The Arts Council England, the body tasked with looking after public libraries in England, has recently* published the report Community libraries – Learning from experience: guiding principles for local authorities with the Local Government Association on different ways in which communities are involved in library service delivery in England.
You can read the DCMS press release on their website and follow the links to the three parts of the report from there, or from here: a summary briefing, 10 case studies, and guiding principles for local authorities who are considering reviewing the delivery of their library services to work with their communities.
The publication of the report generated quite a bit of discussion on library mailing lists, Twitter and on other channels. Some reactions from different organisations are included here for your perusal:
- Voices for the Library response
- Third Sector comment
- Public Libraries News summary and views
- Bookseller comment
- CILIP response (“Chartered Institute warns of dangerous “headlong rush” to create more community managed libraries”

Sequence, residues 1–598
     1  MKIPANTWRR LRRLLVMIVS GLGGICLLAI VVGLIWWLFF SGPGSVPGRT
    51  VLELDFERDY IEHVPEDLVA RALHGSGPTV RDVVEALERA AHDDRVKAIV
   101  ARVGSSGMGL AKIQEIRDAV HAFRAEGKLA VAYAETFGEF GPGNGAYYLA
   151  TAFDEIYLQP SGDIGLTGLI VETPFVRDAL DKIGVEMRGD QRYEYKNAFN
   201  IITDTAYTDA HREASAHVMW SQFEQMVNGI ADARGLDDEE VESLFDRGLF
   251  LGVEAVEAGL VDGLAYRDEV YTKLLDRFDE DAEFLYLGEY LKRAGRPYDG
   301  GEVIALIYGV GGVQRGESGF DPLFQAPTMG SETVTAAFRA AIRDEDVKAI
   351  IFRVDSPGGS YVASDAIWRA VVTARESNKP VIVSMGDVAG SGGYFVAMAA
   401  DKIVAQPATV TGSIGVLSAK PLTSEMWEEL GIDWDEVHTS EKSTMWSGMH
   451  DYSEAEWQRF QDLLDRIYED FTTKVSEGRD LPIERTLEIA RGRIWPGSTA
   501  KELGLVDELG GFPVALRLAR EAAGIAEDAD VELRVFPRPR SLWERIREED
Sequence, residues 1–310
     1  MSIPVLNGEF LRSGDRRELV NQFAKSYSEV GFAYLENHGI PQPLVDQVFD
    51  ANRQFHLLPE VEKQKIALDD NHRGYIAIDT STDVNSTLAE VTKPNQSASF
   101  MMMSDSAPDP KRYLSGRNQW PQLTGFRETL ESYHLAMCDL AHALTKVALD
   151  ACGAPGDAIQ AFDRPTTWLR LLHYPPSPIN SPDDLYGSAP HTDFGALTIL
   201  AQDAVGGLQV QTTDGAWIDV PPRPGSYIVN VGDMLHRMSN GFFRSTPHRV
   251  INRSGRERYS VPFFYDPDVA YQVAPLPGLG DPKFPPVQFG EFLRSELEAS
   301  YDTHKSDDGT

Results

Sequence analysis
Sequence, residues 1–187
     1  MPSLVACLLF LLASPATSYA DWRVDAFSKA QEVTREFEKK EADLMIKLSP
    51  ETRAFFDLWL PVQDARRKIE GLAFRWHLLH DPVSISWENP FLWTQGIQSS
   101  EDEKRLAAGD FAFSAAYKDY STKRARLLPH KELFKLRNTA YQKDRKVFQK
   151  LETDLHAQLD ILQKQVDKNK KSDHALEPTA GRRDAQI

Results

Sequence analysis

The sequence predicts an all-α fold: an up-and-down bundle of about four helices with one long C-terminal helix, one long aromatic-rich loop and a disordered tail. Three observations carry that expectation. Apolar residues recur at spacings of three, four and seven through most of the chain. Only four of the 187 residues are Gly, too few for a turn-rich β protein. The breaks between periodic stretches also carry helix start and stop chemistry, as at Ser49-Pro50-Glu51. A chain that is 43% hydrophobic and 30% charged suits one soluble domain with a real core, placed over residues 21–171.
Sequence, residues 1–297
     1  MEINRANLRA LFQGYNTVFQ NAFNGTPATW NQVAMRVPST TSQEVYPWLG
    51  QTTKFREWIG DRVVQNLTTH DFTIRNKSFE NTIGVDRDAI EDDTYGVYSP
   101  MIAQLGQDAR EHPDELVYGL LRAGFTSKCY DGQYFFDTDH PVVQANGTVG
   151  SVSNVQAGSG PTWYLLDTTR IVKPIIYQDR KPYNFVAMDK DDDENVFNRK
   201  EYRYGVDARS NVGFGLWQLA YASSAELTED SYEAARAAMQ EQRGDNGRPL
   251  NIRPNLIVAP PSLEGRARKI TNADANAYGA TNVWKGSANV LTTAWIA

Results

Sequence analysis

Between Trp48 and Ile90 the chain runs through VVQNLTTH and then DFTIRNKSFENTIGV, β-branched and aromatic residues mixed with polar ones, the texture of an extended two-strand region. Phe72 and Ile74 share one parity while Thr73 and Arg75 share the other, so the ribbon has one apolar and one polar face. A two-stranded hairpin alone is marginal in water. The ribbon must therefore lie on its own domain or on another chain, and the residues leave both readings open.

- the Women’s Institute response (“WI welcomes Arts Council research but warns that it fails to address community library volunteers’ problems.“) The WI have also produced their own report on volunteer run libraries which is available in a pdf here or from their press release about it.
- CILIP Cymru Wales response, with commentary on situation in Wales within context of changes across UK
It’s probably fair to say that the reaction to the report hasn’t been very positive. Just in case I’m accused of anti-England bias, there are some public library services in Wales who are trialling different delivery mechanisms in a couple of branches (e.g. Conwy and Carmarthenshire) although it’s too early to say what their outcomes are yet.
*Late to the party I know, but I’m banking on some of you also having been very busy lately and not had time to pick up on this topic yet. (If you’ve read it all, you can probably skip this post!)